Iranian parliament votes to keep 2 ministers in their jobs

Iranian Labor Minister Ali Rabiei walks to the podium during his parliament impeachment hearing, in Tehran, Iran, Tuesday, March 13, 2018. Lawmakers on Tuesday voted to retain Rabiei after a hearing on his alleged mismanagement of unemployment and other government enterprises. (AP Photo/Vahid Salemi)

TEHRAN, Iran — Iranian lawmakers on Tuesday voted in favor of keeping the country's ministers of labor and transportation despite allegations of mismanagement by both government officials.

The voting was seen as part of the factional push and pull between hard-liners in parliament and moderate President Hassan Rouhani's administration.

At a morning session, Labor Minister Ali Rabiei, whose opponents had blamed him for unemployment rising to about 12 percent, narrowly managed to keep his job after lawmakers in the 290-seat chamber failed to produce enough votes to fire him.

State TV reported that out of 253 lawmakers present at the session, 124 voted to keep Rabiei while 126 voted to fire him and two abstained. One vote was made void because it was late.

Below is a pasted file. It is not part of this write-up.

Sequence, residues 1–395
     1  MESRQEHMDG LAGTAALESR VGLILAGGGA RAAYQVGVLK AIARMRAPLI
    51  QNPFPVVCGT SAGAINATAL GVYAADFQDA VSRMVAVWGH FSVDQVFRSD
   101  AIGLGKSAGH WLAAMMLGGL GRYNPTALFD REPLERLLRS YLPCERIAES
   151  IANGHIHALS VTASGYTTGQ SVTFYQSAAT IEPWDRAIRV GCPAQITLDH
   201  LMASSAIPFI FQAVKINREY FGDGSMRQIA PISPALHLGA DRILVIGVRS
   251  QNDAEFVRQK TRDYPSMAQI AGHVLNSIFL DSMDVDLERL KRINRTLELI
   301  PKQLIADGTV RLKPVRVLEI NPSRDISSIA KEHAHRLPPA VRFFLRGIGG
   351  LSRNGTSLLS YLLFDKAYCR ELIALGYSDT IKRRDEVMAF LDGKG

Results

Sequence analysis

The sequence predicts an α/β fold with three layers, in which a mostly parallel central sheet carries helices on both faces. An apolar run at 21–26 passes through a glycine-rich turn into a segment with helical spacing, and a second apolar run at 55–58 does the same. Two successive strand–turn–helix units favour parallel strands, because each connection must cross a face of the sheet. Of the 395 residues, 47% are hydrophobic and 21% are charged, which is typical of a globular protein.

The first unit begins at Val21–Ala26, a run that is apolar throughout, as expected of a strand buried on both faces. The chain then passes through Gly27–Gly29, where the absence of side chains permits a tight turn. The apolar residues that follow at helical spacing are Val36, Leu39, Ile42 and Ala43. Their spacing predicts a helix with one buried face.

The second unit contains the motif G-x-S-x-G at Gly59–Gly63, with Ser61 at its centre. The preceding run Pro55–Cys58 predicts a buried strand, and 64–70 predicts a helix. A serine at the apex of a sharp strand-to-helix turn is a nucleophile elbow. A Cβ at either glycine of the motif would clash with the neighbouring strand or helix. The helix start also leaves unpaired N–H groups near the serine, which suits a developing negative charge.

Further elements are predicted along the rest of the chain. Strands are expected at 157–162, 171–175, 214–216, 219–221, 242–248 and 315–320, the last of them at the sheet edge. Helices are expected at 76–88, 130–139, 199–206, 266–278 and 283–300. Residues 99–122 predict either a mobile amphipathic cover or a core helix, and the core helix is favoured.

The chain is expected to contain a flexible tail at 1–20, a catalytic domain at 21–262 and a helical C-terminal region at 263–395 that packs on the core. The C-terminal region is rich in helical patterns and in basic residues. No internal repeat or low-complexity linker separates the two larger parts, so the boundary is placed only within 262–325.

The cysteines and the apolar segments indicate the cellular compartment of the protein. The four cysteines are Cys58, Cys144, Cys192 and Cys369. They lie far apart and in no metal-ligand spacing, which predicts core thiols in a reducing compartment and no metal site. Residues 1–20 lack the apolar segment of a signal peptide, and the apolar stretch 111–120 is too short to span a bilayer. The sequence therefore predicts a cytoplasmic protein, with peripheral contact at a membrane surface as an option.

Under procedural regulations, abstentions in parliament are counted as an in-favor vote, hence Rabiei kept his post.

Lawmakers had also criticized Rabiei for the collision of a tanker that burned and sank off the coast of China, killing 30 sailors in January. The Labor Ministry manages some 60 percent of the tanker company.

His defenders, however, said not all the accusations were directly related to his ministry.

In the afternoon session, lawmakers decided 152-92 votes in favor of keeping Transportation Minister Abbas Akhoundi, who has been blamed for high death rates in traffic accidents in Iran.

Akhoudi's opponents have alleged that his mismanagement contributed to the plane crash last month in southern Iran of an ATR-72, an Iranian twin-engine turboprop used for short regional flights. All 65 people onboard were killed in what was the latest fatal aviation disaster for Iran.

Akhoudi's defenders put the blame for the crash on Iran's outdated fleet and years of Western sanctions over Tehran's contested nuclear program under which Iran was barred from buying necessary plane parts.

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